A strong earthquake with a preliminary magnitude of 6.0 has struck along the coast of northeast Taiwan, causing minor damage and waking up people as far away as the capital Taipei, officials say. There were no immediate reports of casualties.
The earthquake, which struck at 5:28 a.m. local time on Thursday, was centered about 13 kilometers (8 miles) southeast of Su’ao Township in Yilan County, or 69 kilometers (43 miles) southeast of Taipei. It struck at a depth of 22 kilometers (13 miles), making it a shallow earthquake.
Taiwan’s Central Weather Bureau measured the earthquake at 6.0, while the U.S. Geological Survey put the magnitude slightly lower, at 5.9. Computer models from the USGS estimate that more than 11 million people across the region could have felt the earthquake.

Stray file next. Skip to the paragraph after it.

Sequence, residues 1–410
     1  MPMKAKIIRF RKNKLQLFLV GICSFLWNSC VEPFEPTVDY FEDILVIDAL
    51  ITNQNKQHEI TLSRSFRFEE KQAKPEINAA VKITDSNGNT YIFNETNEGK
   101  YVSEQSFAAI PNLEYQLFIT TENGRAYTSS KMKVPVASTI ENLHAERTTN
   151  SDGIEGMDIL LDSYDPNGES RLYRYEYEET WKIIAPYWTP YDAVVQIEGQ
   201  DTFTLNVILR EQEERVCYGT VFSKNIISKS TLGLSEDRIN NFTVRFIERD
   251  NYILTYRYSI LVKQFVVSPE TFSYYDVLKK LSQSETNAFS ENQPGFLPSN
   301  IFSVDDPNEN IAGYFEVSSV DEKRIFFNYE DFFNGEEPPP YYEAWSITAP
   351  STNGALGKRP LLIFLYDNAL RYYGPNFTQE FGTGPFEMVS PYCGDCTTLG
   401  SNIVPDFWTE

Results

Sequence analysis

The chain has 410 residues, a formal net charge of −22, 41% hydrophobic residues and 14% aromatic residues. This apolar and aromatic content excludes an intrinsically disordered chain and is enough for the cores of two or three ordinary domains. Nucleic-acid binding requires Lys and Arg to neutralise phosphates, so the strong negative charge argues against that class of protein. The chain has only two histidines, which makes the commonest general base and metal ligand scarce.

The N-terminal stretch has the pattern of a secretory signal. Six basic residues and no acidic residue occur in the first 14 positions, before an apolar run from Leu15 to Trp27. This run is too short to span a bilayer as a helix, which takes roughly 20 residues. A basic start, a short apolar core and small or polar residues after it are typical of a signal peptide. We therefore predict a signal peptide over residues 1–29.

There were no immediate reports of major damage, but footage shown on local TV showed minor damage to buildings and some people were reportedly trapped in elevators. “Fortunately, initial reports indicate no loss of life and all is well,” Taiwan’s Ministry of Foreign Affairs said on Twitter.
Many people said Thursday’s earthquake was strong enough to wake them.
“Our family was just woken up by the quake in our home in Taipei,” said Michael Petty. “It definitely felt a little over (magnitude) 6. Lasted about 10-15 seconds. We are on the 2nd floor of a 6 floor building. The movement was strong enough for me to force everyone into door ways.”
Taiwan, located along the so-called Pacific Ring of Fire, is at times rattled by moderate to strong earthquakes. A powerful 7.6-magnitude earthquake struck central Taiwan in 1999, killing at least 2,297 people and injuring nearly 9,000 others.